Driver’s License

Your new name should be registered with the DMV within thirty (30) days of receiving your Name Change Decree. However, before changing your driver’s license, you must update your new name with the SSA. Submit Form SS-5 to the SSA along with proof of name change, proof of identity, and proof of U.S. citizenship. Once this process is complete, you can visit your local DMV and complete the proper application form for updating your driver’s license. Download the appropriate form before going to the DMV – Form VL-021 (Regular DL); Form VL-18 (Enhanced DL); or Form VL-031 (Commercial DL). You will also need to submit a copy of your name change document with your application form (i.e., marriage certificate, divorce decree, or court-ordered name change decree). Additional documents, such as passport, Social Security card, and proof of residency may be required for EDL applications. The fee for updating your name change on your driver’s license is $20.

Voter Registration

Updating your voter registration with your new name can be accomplished online or by mail. In order to complete the online registration process, you must have a valid Vermont driver’s license/permit or ID card. Go to the Online Voter Registration System on Vermont’s Secretary of State web portal and follow the prompts to complete the registration process online. Those of you who wish to update your name by mail can download and complete the Vermont Voter Registration Form. Once completed, submit the Registration Form to your local town clerk.

Minor (Child) Name Change

A petition for the name change of a minor (persons under the age of eighteen) must be filed by the parent or guardian in the county in which the minor resides. A minor name change petition will only be accepted if both parents have provided written consent and, in cases where the minor is fourteen (14) years of age or older, if the minor has provided written consent.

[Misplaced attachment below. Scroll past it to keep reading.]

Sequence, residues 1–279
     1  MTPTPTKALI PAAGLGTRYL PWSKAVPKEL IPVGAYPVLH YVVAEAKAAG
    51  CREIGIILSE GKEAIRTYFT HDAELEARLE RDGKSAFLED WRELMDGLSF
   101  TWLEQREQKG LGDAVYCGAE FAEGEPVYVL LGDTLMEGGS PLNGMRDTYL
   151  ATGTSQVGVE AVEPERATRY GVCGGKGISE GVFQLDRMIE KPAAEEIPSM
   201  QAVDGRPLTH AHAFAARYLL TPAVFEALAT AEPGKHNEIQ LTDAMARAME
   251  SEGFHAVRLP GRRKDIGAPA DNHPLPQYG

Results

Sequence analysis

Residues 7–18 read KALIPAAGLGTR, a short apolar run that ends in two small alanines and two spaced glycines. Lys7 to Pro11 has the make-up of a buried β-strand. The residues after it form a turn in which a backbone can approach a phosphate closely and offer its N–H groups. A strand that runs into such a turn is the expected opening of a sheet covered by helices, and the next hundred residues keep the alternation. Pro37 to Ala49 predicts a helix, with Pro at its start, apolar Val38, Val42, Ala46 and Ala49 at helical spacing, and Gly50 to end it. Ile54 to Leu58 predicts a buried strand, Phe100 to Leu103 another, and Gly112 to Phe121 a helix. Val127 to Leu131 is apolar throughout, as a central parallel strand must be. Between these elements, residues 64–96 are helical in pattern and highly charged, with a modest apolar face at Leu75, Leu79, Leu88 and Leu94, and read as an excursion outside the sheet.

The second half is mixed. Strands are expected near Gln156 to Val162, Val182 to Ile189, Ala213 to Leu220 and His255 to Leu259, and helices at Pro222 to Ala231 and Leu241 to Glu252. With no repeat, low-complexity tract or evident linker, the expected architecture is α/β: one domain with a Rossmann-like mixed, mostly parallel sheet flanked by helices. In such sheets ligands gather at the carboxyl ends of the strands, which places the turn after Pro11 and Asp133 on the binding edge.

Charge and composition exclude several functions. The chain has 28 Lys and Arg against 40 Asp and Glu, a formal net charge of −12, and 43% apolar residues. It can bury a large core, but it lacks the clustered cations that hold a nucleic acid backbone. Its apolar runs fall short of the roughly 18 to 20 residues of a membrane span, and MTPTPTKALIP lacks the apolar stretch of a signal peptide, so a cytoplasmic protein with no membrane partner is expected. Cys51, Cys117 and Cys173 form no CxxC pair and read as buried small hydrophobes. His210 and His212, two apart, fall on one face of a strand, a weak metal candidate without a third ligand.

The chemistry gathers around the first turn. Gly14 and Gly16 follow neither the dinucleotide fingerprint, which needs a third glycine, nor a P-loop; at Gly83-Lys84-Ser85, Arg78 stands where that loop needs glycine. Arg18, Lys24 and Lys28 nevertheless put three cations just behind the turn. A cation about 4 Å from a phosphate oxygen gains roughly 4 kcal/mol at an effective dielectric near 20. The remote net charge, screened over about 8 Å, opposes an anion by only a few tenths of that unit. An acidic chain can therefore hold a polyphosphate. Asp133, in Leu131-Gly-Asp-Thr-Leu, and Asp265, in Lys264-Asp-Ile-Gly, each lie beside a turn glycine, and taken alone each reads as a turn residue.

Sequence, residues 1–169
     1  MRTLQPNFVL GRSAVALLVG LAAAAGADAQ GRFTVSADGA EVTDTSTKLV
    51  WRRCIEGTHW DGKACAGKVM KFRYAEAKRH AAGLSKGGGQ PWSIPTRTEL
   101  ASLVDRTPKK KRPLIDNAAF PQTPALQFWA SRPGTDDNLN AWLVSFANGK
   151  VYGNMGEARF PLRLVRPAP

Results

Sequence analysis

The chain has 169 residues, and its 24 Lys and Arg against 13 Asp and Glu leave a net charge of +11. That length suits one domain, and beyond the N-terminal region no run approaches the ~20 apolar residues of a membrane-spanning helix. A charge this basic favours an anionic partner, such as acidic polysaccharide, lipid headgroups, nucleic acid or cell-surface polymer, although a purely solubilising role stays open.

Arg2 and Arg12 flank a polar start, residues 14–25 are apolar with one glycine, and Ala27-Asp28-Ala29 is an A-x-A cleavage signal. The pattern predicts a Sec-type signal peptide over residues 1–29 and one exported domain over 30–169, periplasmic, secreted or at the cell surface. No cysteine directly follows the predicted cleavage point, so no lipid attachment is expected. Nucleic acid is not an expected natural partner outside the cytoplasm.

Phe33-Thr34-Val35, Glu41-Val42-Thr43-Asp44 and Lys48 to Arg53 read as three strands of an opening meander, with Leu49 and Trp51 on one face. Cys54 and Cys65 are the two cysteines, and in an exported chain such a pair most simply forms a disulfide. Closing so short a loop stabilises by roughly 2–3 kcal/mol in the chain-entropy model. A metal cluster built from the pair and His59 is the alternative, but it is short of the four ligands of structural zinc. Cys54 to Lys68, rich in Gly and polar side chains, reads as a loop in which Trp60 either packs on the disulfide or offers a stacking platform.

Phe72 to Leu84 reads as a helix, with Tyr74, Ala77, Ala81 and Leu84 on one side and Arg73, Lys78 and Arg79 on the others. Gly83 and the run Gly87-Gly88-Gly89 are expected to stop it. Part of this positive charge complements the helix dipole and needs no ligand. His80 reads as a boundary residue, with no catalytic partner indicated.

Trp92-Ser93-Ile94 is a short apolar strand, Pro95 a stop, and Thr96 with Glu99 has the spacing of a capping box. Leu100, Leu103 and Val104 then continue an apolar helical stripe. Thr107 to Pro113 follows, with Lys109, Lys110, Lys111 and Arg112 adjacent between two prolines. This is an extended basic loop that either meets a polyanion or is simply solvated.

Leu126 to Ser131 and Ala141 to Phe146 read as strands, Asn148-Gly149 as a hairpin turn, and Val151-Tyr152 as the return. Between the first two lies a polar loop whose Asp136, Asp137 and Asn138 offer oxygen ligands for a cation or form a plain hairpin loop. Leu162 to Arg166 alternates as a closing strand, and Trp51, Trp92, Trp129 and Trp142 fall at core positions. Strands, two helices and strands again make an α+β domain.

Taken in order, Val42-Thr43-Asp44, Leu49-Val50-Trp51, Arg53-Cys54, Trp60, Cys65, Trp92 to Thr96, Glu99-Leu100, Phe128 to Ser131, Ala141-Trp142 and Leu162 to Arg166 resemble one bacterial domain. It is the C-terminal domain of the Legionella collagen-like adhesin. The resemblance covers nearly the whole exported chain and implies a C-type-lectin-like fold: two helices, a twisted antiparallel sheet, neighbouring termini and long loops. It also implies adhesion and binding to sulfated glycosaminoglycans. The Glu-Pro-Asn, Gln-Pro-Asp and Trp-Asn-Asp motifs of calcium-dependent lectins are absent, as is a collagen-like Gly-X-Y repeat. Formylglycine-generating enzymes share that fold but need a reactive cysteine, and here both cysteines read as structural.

Step 1 – Petition and Consent

Download the Petition to Change Name of Minor and enter all the appropriate information. Do not sign the form until you are in the presence of a notary public. If the minor is over the age of fourteen (14), they must also sign the Petition to establish consent. Furthermore, both parents must complete Part II: Consent of the Petition. If consent from one parent has not been obtained, the case may be delayed and you, the petitioner, will have to demonstrate to the court that you exercised due diligence in attempting to locate the other parent.

Step 2 – Gather Documents

A certified copy of the minor’s birth certificate must be submitted with the court clerk when you file the Petition. To obtain a certified copy, complete the Certified Copy of a Vital Record Form and submit it to the Vermont Department of Health (address is on the top of the form).

Step 3 – File Forms

Bring a certified copy of the child’s birth certificate, the Petition, and your personal Vermont identification card to the probate court in the county where the minor resides. Pay the clerk the $150 filing fee and ask for a hearing date and time.

Step 4 – Attend Hearing

You and the minor must appear before a judge on your hearing date at the appointed time. The judge will want to know the reasoning behind the name change and will note if the parents provided consent to the name change. If the parents did not consent, the judge will want to make sure that you’ve tried your best to contact them. Most of all, the judge will want to establish whether the name change is in the best interests of the child and to ensure that it is not being made for illegal or fraudulent purposes. Once the judge deems the name change befitting, they will sign and date a Name Change Decree. The court clerk can make certified copies for you so that you can update the minor’s documentation.